It’s Lucky When a Bird Does It To You

They say it’s lucky when a bird poops on you.

But what about when you poop on birds? Sculptures thereof, that is. In yesterday’s Houston Chronicle:

A request to fund a 60-foot artwork commissioned for the George R. Brown Convention Center sparked an existential debate over Houston’s identity Wednesday, when some City Council members expressed concern that public art depicting migratory birds does not accurately reflect the city’s brand.

The mobile of perforated steel birds and clouds due to be completed by next month already has been the subject of controversy.

The Houston Arts Alliance commissioned the sculpture from Houston artist Ed Wilson in late 2014, before rescinding and re-awarding the artist’s contract amid concerns about the selection process.

Asked to approve the transfer of more than $1 million to pay for the project authorized last year, however, several council members on Wednesday questioned whether the city should be promoting artwork depicting birds.

“Bird migration. Why?” Councilman Robert Gallegos asked during an 18-minute debate alternately tense and jesting. “How are we promoting the city with global trade, space exploration? That’s what Houston is. I don’t have a problem that you want to promote the birds, but promote global trade.”

Councilwoman Brenda Stardig joined Gallegos in critiquing the avian migration and flight theme.

“I’ve expressed my concern to Houston First about our branding and trying to make us something that we’re not,” Stardig said, referring to the agency that runs the city’s convention and entertainment facilities. “We need to embrace our space. We’re known for NASA. People come here, they don’t talk about the migration of birds.”

Wilson’s 60-foot mobile, his first major public commission, is set to be installed in the downtown convention center’s central atrium.

I’ve got a lot of problems with this nonsense.

First, when government officials dictate the content of art, it ceases to be art. We did not elect them to be our aesthetic conscience.

Second, art is sometimes representational, but often has a deeper meaning. What would a sculpture designed to “promote global trade” look like?

It could look like container ships in a diorama, sure, but an artist could take a symbolic approach to it. Goods come from all over into the Port of Houston, passing through on their way elsewhere. If I had to come up with a symbol, a beautiful, elegant symbol for a bunch of stuff that lifts up our economy while passing through, I just might decide that a flock of birds would do the trick nicely. I’m just spit-balling here, CM Gallegos.

Third, Council Member Stardig, I’m sorry that you are not as familiar with the local tourist economy. Or, perhaps you heard someone use the phrase “for the birds” when talking about tourism, and you thought they were being dismissive, when they were actually describing a reason thousands of people come to Houston as the gateway to some of the richest, most accessible, and least expensive to access bird viewing territory around.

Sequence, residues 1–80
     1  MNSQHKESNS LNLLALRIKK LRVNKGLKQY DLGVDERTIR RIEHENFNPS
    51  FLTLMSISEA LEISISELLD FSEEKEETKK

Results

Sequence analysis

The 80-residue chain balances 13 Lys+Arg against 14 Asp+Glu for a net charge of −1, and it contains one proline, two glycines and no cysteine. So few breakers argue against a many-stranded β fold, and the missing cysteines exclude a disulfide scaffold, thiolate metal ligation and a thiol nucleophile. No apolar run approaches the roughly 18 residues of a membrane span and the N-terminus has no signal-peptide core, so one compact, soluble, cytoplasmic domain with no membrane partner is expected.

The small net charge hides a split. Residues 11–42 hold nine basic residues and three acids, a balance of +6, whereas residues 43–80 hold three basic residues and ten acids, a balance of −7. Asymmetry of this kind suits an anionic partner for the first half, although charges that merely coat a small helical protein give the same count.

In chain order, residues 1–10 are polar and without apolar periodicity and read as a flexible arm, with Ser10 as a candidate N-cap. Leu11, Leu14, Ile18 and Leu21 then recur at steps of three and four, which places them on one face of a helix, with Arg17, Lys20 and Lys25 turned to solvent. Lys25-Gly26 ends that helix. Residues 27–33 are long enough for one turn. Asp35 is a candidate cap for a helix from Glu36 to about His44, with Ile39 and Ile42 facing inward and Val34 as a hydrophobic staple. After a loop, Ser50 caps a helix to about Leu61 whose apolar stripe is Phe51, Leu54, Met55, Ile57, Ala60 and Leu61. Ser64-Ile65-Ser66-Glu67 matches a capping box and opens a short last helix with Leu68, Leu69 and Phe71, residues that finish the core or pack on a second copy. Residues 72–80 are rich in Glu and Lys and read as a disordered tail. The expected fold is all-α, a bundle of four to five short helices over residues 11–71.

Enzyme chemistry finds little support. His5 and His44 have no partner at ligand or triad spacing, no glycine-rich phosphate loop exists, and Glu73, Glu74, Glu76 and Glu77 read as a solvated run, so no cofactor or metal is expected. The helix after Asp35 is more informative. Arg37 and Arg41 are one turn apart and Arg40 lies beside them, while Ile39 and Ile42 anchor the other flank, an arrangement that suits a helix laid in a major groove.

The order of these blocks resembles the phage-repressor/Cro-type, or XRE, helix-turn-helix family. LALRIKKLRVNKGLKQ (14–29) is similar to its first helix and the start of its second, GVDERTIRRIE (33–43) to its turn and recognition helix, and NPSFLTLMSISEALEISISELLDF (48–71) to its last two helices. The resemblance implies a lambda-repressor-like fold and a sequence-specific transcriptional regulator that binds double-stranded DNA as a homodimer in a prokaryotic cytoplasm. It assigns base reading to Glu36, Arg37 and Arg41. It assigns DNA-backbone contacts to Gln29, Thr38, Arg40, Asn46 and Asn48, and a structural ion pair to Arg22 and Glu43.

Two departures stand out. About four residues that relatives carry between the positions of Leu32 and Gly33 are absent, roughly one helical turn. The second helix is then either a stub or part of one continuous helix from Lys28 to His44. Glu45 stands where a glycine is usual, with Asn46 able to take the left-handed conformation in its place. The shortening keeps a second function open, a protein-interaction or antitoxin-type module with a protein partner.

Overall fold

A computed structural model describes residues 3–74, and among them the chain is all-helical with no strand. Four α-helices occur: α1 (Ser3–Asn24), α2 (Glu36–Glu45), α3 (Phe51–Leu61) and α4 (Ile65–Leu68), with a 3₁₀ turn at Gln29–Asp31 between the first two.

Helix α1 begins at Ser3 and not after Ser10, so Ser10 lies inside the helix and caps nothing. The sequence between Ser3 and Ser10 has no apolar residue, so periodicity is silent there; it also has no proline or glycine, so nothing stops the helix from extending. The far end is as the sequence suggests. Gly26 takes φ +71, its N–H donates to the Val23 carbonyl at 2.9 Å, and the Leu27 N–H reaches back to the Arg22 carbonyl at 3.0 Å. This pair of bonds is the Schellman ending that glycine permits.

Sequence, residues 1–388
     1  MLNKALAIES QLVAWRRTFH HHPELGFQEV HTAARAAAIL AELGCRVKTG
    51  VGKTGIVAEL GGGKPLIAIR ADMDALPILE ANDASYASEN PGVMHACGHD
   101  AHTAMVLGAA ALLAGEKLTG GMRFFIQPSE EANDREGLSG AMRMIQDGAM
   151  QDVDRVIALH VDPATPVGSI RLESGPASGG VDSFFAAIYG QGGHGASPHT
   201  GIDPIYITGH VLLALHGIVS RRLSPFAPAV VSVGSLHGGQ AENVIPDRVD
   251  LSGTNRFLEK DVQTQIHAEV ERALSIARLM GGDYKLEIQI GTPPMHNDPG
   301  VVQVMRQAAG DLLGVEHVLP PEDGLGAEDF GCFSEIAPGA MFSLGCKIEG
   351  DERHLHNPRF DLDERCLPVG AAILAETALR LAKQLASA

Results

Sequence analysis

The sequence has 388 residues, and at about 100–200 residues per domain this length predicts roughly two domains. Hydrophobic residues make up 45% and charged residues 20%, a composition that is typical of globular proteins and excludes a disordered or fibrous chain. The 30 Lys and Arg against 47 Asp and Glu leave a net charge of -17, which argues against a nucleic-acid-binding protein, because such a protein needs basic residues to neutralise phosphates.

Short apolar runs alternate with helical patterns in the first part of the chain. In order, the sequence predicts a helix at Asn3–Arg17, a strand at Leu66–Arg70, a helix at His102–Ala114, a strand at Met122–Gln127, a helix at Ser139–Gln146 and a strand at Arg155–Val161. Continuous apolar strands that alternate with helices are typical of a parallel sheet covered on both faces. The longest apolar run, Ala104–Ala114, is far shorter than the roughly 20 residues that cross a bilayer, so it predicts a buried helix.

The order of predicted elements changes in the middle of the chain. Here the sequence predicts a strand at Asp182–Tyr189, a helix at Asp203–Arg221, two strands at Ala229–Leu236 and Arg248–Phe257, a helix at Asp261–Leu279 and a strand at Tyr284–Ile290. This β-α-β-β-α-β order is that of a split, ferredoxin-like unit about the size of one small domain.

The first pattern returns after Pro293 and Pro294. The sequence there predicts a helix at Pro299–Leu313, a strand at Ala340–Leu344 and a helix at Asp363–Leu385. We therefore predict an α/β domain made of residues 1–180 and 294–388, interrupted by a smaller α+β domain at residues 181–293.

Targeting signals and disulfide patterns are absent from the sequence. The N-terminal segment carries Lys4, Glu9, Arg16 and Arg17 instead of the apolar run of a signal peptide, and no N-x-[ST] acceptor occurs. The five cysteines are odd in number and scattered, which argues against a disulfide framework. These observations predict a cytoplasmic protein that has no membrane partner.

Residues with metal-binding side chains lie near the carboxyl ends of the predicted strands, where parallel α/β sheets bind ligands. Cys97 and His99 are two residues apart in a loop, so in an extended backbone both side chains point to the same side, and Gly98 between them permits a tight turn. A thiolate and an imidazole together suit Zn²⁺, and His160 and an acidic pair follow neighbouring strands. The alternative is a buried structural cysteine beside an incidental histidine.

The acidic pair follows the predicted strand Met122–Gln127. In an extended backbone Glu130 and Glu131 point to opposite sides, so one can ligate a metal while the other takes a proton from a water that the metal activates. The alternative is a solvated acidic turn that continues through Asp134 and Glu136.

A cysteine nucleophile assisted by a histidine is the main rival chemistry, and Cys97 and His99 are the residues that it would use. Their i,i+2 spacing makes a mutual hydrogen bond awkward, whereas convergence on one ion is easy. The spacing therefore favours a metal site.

I mean, all I have to do to see a bald eagle, osprey, or hawk is keep my eyes open when I’m getting on and off I-10 at I-45 these days. I don’t even have to leave the freaking Heights. But if I did, I’d find incredible biodiversity along the Texas Gulf Coast that attracts millions of migratory birds and the tourists who obsessively stalk them.

I’m busy, so don’t have time to do extensive research right at this moment ,but found this quick reference thanks to the Googles. A 2011 study of the Rio Grande Valley, which I realize is not Houston, but I’m using as an example of the value of birding tourism in Texas, found:

This direct economic contribution from RGV nature tourism led to a total county-level economic output of $344.4 million and 4,407 full- and part-time jobs annually. This total contribution includes a $179.4 million contribution to gross regional product and a $110.1 million contribution to labor income across the region. Local taxes generated from direct nature tourist expenditures for 2011 was $2,595,600 for sales tax and $7,262,700 for hotel tax.

I mean, if you want to call hundreds of millions of dollars something that’s for the birds, go ahead, and have fun with the city budget mess you’ve got coming up.

And that’s just birding tourism. I don’t know what happens if you factor in dove and duck hunting. And all of the rest of the coastal tourism for which Houston is a gateway.

Fourth, Houston, a city that likes to brag about being the third coast of the art world, has treated artist Ed Wilson like bird poop for several years now. ¡Y basta! Give this man a break, pay for the work, and let’s start enjoying it as soon as possible.

Finally, five. If this is a proxy fight over who controls the funding, or what the power dynamic is among the City, Houston First, and the Houston Arts Alliance, grow up and discuss it like adult elected officials. Don’t take it out on a piece of sculpture that is going to look gorgeous in the new, soaring, open space of the renovated George R. Brown.

Carrion Crows by Vlado courtesy of

Image by Vlado courtesy of

This entry was posted in Houston, politics, Texas and tagged , , , . Bookmark the permalink.

2 Responses to It’s Lucky When a Bird Does It To You

  1. bshirley says:

    Public art is not here to shill for public industry.

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